June 9, 2009
First post - trying to come to grips with the recent flurry of environmental awareness that now seems to be gaining ground in the US. Am I happy about this? You bet. Everywhere I turn, I see ways that companies and individuals alike are trying to improve their overall environmental performance and minimize their environmental impact. I love this term "footprint" being used as means to look at the big picture in terms of how our choices are affecting the world around us. But therein lies a lot of confusion, and a near impossible task of trying to balance competing environmental and social impacts. Some choices appear to be "no brainers" on the surface, such a minimizing or avoiding petroleum-based products, like plastics and acrylics, but do we really know if these create a significantly larger foot print than those materials that are "natural"? And is local always better? Is it better to support local economies at the expense of developing economies? Is organic better if it means more transportation. Or can we find a way to balance these choices so that the resulting "foot print" of our collective action is as light as possible while still making forward progress.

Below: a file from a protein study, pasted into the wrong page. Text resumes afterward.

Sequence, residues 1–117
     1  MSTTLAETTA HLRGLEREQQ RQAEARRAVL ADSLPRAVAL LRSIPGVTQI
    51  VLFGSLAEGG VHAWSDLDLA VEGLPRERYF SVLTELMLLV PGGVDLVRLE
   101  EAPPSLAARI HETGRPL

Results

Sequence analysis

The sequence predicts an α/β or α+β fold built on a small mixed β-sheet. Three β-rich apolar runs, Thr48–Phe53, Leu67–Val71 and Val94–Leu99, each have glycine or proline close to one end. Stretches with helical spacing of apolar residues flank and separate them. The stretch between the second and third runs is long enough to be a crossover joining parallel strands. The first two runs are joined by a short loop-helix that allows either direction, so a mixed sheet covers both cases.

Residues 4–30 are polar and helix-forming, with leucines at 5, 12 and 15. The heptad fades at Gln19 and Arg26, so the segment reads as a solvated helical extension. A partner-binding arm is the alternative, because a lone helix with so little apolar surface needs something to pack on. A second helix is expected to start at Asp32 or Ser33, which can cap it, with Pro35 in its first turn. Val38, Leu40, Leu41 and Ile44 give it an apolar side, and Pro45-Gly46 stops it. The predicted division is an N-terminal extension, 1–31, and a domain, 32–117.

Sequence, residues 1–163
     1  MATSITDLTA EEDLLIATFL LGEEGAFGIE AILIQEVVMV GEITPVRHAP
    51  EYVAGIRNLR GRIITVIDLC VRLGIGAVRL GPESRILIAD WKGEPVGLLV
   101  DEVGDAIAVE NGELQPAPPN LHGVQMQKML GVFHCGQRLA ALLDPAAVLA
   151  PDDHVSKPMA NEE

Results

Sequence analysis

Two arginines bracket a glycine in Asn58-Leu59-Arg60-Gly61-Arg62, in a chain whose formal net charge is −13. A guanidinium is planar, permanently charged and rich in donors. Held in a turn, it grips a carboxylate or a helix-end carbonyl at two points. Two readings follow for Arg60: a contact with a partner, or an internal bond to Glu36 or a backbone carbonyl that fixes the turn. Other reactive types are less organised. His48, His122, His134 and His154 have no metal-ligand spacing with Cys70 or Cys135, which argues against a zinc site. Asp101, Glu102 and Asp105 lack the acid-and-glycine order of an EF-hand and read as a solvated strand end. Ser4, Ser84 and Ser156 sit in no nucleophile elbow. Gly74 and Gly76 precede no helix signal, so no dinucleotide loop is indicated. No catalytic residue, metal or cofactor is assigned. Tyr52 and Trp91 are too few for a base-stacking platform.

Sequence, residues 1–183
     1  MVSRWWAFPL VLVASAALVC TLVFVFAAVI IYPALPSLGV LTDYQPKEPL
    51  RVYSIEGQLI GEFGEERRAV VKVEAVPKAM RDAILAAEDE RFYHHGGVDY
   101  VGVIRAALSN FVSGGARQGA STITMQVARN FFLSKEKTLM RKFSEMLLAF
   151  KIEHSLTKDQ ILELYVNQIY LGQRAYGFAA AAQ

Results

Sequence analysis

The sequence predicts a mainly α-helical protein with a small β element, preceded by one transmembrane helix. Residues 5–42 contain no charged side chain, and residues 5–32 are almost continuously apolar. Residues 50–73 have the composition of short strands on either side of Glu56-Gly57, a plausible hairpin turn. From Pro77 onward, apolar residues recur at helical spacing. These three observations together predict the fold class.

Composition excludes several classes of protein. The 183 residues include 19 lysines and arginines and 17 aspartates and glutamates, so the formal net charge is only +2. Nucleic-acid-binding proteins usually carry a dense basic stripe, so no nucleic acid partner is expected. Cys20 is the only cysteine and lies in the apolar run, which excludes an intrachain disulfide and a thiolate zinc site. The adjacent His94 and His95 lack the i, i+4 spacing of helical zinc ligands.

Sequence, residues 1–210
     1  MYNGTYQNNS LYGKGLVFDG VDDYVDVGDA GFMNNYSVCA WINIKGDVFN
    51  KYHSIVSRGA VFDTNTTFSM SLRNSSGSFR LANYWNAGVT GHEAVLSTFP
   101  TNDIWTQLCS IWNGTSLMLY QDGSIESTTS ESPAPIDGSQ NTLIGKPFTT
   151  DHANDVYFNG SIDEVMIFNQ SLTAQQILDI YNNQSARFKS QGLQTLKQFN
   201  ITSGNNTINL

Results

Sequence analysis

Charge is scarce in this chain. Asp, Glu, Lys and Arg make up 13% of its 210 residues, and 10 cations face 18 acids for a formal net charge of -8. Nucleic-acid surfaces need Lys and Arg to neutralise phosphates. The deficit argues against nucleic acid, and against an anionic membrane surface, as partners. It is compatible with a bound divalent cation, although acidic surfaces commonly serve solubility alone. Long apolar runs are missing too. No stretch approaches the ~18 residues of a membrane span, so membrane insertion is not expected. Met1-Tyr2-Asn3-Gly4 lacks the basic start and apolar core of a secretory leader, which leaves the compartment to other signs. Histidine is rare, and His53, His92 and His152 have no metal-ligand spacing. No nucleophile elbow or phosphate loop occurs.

If we aren't looking at the entire environmental foot print of a product, from raw material development through manufacture, transport, use, and ultimately disposal - how do we really know if our choice is indeed the best option for the environment. Unfortunately, such comparisons are nearly impossible to make at the moment as we lack the standards and tools that allow the "apple to apple" comparisons of products.
To build those tools and obtain verified information about the products we buy, we need to put more pressure on organizations to be more transparent. We need to convince these companies that if they want us to purchase their products, or invest in their companies, then they need to make it known where raw materials are sourced, how they are produced, and by whom, and what commitment they are making to improve their environmental and social performance.
So I'm going to try to create some tools to evaluate my fiber choices. A kind of score card that will allow a person to evaluate source materials, manufacturing processes, supply chain issues, transportation, and social issues, as well as the commitment and transparency of the manufacturer and their level of corporate responsibility. The process and results will be presented here.